By Martin Kidston/Missoula Current
Montana’s top political leaders, including Republican Sen. Steve Daines, condemned congressional candidate Greg Gianforte on Thursday for his alleged actions at a campaign event the night before, during which he allegedly assaulted a reporter.
In an interview with NBC News, Daines said Gianforte – his former business partner – should apologize.
“I’ve known Greg for 20 years,” Daines said. “I was very surprised last night. I don’t condone violence of any kind. I’ve got confidence in my local law enforcement back home to investigate the matter. I think Greg should apologize. That’s warranted.”
Daines said he still had faith in Gianforte. “I think he will serve our country well,” he said. “I think what happened last night is unacceptable. Don’t condone it but I think knowing Greg for 20 years, and in the context of that relationship, he’ll do a good job.”
After the Gallatin County Sheriff’s Office charged Gianforte with misdemeanor assault, Gov. Steve Bullock issued a statement, saying the candidate’s actions “do not reflect the values of Montana or its people.”
“It is unsettling on many levels that Greg Gianforte physically assaulted a journalist and then lied, refusing to take responsibility for his actions,” Bullock said. “Yesterday’s events serve as another wake-up call to all Montanans and Americans that we must restore civility in politics and governing, and demand more from people who hold the public’s trust.”
The Gallatin County Sheriff’s Office charged Gianforte with misdemeanor assault late Wednesday after the candidate allegedly attacked a Guardian reporter who was asking questions regarding the Republican health care bill.
After Gianforte was charged, the Montana Democratic Party called on voters, asking them to hold the candidate responsible.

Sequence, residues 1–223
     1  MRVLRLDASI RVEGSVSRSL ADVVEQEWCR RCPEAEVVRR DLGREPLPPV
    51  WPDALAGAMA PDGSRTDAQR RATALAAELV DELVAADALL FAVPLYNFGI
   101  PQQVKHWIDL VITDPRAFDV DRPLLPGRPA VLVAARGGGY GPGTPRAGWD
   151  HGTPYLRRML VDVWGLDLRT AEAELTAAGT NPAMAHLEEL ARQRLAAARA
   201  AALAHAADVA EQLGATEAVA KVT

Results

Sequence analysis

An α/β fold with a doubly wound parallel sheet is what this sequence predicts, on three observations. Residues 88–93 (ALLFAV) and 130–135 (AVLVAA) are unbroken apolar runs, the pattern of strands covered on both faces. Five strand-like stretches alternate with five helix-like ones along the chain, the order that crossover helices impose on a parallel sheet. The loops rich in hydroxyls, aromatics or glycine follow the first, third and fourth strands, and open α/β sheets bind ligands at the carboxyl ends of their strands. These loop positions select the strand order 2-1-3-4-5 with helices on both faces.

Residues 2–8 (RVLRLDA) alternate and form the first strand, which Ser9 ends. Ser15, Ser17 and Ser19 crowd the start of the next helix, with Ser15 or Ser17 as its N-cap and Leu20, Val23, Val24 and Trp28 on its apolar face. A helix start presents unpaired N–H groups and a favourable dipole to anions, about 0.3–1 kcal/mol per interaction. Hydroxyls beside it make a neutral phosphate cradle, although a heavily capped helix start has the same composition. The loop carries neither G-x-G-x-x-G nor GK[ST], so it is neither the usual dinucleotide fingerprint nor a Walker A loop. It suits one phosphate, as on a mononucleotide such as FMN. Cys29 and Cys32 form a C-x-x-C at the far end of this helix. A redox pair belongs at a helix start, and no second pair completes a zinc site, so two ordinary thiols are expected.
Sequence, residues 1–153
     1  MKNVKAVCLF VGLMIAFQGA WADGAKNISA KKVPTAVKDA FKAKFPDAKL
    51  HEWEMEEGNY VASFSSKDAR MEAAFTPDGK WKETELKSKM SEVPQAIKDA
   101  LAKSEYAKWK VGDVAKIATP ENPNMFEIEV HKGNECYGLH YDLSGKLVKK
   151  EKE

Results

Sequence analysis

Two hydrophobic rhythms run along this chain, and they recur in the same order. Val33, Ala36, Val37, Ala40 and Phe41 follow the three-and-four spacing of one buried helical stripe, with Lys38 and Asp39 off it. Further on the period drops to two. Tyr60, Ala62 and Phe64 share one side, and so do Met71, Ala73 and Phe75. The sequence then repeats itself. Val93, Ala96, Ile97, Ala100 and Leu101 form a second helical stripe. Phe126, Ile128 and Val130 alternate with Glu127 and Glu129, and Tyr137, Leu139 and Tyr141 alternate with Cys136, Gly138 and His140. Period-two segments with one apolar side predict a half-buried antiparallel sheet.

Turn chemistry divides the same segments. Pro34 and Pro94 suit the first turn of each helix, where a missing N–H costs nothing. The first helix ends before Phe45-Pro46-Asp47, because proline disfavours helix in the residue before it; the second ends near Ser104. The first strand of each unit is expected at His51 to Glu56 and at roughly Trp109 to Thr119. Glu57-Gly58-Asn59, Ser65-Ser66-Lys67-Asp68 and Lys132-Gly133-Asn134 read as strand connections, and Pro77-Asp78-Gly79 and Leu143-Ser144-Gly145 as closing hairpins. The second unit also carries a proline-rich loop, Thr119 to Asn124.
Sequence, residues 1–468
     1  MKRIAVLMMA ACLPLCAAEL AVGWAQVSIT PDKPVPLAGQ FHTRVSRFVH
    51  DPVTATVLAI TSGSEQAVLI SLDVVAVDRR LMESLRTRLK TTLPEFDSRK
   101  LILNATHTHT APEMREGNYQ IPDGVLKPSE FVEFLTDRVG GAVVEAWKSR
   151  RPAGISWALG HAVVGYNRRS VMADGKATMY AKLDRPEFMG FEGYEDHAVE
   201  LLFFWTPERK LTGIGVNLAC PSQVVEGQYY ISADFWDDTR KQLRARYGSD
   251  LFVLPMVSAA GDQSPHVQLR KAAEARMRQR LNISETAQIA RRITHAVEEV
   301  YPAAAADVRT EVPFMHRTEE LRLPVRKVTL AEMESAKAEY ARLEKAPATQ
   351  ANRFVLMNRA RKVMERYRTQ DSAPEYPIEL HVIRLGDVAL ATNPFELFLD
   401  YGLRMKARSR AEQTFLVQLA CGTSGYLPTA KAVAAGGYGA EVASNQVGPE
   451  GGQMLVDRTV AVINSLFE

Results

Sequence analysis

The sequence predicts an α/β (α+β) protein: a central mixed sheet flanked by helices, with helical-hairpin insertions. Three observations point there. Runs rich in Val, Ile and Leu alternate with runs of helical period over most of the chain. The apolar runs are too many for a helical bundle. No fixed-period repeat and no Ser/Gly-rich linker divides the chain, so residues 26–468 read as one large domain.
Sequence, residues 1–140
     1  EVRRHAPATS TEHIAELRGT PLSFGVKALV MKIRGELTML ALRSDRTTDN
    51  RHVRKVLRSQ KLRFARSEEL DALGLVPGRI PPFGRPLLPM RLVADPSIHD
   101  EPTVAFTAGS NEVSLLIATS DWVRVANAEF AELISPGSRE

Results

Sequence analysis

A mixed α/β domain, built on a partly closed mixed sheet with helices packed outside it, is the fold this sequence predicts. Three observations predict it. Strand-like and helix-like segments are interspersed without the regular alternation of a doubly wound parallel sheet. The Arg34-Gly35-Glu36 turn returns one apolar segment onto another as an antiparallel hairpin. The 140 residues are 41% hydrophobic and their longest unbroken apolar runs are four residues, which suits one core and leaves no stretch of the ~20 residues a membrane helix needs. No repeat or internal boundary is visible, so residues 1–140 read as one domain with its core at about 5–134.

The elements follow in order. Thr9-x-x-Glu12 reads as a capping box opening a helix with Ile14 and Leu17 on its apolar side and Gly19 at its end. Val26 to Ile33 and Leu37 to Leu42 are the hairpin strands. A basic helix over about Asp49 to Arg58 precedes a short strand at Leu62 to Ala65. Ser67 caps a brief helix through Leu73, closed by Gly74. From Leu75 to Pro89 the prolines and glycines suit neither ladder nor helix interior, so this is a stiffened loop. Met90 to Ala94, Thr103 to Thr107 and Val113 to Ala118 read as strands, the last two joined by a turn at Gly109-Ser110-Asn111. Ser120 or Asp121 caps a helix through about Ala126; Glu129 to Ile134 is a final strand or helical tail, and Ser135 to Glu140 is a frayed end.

“Greg Gianforte’s actions, and the charge against him, are very troublesome,” said party director Nancy Keenan. “Violence has no place in our political discourse, and the people of Montana demand better from those who seek to serve our great state.”
Sen. Jon Tester said answering questions is part of the job.
“This is in the hands of law enforcement,” Tester said. “But part of the job representing the people of Montana is answering basic questions on important topics, topics such as how a dangerous health-care plan could impact the very people you are trying to represent. It’s part of the job.”
The Democratic Congressional Campaign Committee also issued a statement, blasting Gianforte for continuing to run ads claiming the endorsement of several Montana newspapers, including the Billings Gazette and the Missoulian.
Both papers teamed up in supporting the Republican, praising him little more than a week ago. On Thursday, however, they attempted to backpeddle by withdrawing their earlier endorsement.
“Greg Gianforte doesn’t deserve to be in Congress after being charged with assault following his violent attack on a journalist,” said Tyler Law of the DCCC.
“But if Gianforte lacks the decency to drop out of the race, the very least he can do is to stop lying to Montana voters by claiming to be endorsed by the state’s leading newspapers. He should take these ads down immediately and apologize to Montana voters for this brazen deception.”
Contact reporter Martin Kidston at email@example.com